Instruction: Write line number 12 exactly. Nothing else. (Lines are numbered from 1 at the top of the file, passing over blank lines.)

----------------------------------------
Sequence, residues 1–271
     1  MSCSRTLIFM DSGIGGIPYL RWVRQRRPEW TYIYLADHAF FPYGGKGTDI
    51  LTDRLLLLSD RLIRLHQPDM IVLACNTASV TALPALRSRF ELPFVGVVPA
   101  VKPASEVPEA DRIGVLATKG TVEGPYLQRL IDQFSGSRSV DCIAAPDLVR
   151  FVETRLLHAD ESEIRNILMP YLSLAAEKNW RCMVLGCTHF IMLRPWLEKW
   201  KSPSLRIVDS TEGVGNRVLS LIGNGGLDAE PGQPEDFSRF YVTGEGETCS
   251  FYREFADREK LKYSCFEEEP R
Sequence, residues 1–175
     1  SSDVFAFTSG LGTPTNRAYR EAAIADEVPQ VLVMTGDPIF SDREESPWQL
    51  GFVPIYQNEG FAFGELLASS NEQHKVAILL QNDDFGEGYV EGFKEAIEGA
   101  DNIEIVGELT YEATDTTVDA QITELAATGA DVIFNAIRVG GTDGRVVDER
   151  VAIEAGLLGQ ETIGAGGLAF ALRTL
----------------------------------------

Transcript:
   151  VAIEAGLLGQ ETIGAGGLAF ALRTL